Arts & Entertainment

Phil Hellmuth On Poker: Pot Odds and Team Poker

I played in a $1,500 buy-in Team Poker tournament at Caesar’s Palace last week. You might ask why someone like me who is famous for skipping major poker tournaments would end up playing in a smalltime $500 per player event.


Well, Dr. Jerry Buss, the owner of the Los Angeles Lakers, asked me and Mike “The Mouth” Matusow to form a three-man team with him. I thought it would be a good team and a fun event so I signed on to play. I even chose some cool black and yellow jerseys for us to wear.

For those who think my ego is too inflated, I have to apologize for our team’s name – The Favorites. Hey, any team that I’m on should be the favorites, right?

As it turned out, another team actually chose Hellmuth Busters as their name. No matter, I’m a good sport and proved it by autographing the back of each of their jerseys.

Tournament points were awarded based on how a team’s top two players finished. Sadly for us, Jerry went out early, Matusow finished in 140th place, and we were eliminated from the team portion of the prize pool. Still, the individual first place prize was $25,000 so there was no harm playing hard to the finish, as I did in this particular hand.

With blinds at $1,500/$3,000 plus a $500 ante, I opened in early position for $7,500 with Js-9s. Then, my friend Beth Shak moved all-in from the small blind.

I counted my stack and appraised the situation. I had $18,000 chips remaining and there was $41,000 in the pot. I was getting almost 2 ½ -to-1 odds to make the call; pretty decent pot odds.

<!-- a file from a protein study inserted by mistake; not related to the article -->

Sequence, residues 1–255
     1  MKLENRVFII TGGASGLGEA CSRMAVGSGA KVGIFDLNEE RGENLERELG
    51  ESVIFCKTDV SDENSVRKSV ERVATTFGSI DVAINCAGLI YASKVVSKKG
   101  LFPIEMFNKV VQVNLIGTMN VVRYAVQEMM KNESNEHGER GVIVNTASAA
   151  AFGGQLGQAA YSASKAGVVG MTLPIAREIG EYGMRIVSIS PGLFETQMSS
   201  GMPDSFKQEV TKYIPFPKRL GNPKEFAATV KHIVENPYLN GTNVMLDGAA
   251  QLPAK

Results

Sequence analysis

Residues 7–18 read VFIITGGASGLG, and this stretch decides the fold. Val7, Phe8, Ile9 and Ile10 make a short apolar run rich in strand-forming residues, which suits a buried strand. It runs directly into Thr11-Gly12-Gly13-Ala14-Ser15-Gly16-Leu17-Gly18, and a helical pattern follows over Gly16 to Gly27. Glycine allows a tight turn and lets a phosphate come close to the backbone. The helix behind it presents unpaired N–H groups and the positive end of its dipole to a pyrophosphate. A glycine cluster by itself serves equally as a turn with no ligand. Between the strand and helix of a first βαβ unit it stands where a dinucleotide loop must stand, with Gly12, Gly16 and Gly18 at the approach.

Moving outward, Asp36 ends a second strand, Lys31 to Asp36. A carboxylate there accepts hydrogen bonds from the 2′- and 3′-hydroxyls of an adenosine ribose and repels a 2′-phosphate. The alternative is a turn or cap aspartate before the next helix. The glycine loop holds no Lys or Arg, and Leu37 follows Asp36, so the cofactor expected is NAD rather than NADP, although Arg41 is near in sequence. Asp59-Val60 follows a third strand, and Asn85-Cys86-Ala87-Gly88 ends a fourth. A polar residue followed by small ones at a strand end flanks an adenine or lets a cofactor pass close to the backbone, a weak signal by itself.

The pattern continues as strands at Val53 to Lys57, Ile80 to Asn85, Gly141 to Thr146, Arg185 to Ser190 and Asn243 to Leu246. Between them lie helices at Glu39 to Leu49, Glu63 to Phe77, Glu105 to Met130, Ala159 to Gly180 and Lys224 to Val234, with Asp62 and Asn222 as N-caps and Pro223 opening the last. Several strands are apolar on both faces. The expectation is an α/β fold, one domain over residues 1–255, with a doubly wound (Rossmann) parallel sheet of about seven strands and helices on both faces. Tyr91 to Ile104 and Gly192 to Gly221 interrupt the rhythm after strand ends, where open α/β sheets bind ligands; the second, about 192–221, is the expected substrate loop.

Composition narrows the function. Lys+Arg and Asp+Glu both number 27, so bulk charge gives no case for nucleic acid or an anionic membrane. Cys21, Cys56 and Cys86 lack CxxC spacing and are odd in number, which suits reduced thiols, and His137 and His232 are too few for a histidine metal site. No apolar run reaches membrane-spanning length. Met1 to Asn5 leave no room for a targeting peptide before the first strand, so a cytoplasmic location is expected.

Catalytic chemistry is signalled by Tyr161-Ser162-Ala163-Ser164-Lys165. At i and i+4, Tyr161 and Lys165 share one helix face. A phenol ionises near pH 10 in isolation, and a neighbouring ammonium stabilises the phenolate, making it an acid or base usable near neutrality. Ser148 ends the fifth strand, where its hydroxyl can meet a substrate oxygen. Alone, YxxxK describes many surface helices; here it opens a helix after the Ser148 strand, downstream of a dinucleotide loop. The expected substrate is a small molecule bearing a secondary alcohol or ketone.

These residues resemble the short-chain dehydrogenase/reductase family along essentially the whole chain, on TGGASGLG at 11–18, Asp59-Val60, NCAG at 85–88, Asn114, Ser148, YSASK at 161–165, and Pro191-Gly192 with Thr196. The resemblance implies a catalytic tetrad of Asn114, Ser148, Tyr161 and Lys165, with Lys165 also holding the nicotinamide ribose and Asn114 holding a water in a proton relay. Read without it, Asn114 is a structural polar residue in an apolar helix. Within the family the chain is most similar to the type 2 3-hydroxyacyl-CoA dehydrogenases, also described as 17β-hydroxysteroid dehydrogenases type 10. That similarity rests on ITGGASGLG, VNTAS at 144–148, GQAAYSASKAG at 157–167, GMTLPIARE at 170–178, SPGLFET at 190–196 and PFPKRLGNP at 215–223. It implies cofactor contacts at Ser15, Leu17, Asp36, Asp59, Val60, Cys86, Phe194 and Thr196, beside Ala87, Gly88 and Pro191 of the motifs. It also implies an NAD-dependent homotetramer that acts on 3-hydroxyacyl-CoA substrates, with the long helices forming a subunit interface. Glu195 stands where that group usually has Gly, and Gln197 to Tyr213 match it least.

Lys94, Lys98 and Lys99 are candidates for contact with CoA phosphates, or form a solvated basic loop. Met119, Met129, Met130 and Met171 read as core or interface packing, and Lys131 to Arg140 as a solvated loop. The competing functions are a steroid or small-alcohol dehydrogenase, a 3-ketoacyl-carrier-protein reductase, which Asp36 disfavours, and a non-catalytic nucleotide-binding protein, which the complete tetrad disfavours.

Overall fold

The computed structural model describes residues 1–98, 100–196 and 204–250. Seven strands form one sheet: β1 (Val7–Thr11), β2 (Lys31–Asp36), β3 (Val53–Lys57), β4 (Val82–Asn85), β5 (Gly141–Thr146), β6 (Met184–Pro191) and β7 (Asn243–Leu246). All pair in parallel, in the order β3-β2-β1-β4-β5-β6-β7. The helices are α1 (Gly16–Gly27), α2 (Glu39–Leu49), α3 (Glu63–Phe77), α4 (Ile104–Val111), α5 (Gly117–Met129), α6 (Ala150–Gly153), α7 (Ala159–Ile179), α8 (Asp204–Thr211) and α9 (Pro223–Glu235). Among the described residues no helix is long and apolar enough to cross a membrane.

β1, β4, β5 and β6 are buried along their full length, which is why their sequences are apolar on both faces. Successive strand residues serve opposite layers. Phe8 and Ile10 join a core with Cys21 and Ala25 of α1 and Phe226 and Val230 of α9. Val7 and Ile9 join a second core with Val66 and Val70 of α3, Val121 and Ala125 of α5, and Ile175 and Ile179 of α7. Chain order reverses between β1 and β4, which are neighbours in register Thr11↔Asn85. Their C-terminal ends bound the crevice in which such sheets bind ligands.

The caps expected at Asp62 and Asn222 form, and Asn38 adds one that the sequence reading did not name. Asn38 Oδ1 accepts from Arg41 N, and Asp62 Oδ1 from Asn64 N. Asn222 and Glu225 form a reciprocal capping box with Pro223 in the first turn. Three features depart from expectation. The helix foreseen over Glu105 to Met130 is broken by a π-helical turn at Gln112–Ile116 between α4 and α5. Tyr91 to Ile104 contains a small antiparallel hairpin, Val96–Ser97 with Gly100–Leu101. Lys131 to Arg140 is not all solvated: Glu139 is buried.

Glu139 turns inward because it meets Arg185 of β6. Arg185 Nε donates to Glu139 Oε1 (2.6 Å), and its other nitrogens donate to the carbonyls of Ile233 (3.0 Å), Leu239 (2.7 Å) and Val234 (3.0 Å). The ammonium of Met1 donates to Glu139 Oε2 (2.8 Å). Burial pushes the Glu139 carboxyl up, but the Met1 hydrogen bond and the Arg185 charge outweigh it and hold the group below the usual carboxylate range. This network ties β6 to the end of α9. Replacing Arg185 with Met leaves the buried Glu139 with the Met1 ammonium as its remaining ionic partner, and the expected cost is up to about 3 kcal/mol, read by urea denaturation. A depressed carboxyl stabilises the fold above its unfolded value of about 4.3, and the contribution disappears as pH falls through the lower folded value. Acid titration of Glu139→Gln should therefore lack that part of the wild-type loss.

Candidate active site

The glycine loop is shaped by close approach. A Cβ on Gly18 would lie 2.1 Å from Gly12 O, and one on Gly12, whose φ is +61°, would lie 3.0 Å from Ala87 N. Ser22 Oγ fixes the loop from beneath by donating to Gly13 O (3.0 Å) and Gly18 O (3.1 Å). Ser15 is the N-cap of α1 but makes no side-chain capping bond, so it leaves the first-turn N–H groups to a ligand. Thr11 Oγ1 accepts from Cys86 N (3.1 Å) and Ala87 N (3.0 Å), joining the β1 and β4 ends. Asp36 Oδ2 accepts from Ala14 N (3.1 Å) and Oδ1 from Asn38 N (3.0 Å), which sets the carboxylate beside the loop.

I was less than a 2-to1 underdog against two over cards, like A-Q, A-K, or K-Q, was even money against a pair of eights or lower, and was a 2 ½ -to-1underdog against pocket nines or tens. I was only in truly bad shape, at least a 5-to-1 underdog, against pocket aces, kings, queens or jacks.

I did the math and could make a solid pot odds case to make the call, but I didn’t.

I almost called solely because the tournament was so small. It reminded me of the line from “The Shawshank Redemption,” it was time “to get busy living, or get busy dying.”

Then I considered that I could wait and get my last $18,000 into the pot as a true favorite. That’s when I decided to battle until the end. I could actually win the whole ball of wax by playing another five or six hours of solid poker.

So, I folded.

Players talk about pot odds all the time, especially when they try to justify a call that they made. Whenever I hear this line of reasoning, though, I can’t help but wonder if they properly thought through the consequences of their call.

Couldn’t they simply fold their hand even though they were getting reasonable pot odds to make the call? Couldn’t they wait for a better situation, one where they might be a big favorite to win the pot?

Sure, I had the pot odds to call with my Js-9s. But instead of committing all my chips, I waited patiently for a better situation. And only one round later, I was able to shove in all my chips with pocket kings to win a pot worth $50,000.

I sure felt great about not taking those pot odds with the Js-9s!

Look, for some players, pot odds should guide your decision making. But for those players who aspire to reach the next level in poker, think long and hard about this dilemma – and then fold your hand!


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